The rambler who hightailed it out of Meath's plains Meath's
In the early 1900s, William Bulfin cycled throughout the length and breadth of Ireland and wrote in detail of the people and places he encountered on his travels.
His writings were originally published as newspaper articles but later were compiled in to the now famous book Rambles in Eirinn.
Bulfin didn't just cycle; he walked, climbed, swam, got soaked in driving rain and fell in to numerous ditches and down steep hillsides.
This makes great reading and his description of cycling from Ballivor in Co Meath to Kilmessan is both hilarious and fascinating.
His hatred of the graziers of Meath knew no bounds and was made worse by the state of the road as he tried to cycle through the sheen of cow dung left by the cattle that were being driven to their pastures from the station at Hill of Down having been railed there from the fair of Ballinasloe.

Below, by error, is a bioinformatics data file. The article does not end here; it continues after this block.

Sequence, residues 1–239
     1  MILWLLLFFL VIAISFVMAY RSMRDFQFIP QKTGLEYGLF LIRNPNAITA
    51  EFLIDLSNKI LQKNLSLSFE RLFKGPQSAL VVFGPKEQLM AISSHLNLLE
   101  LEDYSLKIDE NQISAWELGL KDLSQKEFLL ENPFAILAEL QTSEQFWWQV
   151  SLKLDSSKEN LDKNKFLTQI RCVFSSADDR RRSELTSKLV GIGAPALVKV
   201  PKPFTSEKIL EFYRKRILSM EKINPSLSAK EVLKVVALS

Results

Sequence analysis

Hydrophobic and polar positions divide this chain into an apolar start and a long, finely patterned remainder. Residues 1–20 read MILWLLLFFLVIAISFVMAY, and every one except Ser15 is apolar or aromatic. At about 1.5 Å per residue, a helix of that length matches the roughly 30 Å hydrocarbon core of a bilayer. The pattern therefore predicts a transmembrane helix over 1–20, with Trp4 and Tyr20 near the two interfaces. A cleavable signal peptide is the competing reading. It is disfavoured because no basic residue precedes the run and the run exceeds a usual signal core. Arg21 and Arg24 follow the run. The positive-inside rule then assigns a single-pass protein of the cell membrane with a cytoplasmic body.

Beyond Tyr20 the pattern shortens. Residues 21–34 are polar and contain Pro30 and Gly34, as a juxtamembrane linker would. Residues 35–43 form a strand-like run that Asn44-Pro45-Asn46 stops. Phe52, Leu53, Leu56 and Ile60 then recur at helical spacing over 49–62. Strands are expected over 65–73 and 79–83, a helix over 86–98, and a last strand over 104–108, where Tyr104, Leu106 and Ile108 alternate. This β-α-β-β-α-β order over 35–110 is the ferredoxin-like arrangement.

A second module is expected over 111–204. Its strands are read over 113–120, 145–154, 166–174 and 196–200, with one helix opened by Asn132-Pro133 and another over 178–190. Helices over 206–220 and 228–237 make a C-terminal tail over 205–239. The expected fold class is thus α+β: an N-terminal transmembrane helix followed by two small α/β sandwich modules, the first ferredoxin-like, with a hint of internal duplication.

He learnt quickly not to upset the drovers and especially not to tempt any of them to use their sticks on him as they guided their livestock to their destination. "I made a vow" he wrote "never to cycle again while the Meath men are on the trail"
This reminded me of one famous drover, Jack Mannon who lived near Rathmoylon in Co Meath.
Jack couldn't count but would familiarise himself with each individual beast and leaving Delvin or Athboy fairs with maybe 15 or 20 cattle in his charge, would stop occasionally and check them over saying "your there and your there" and so on until he was satisfied none were missing.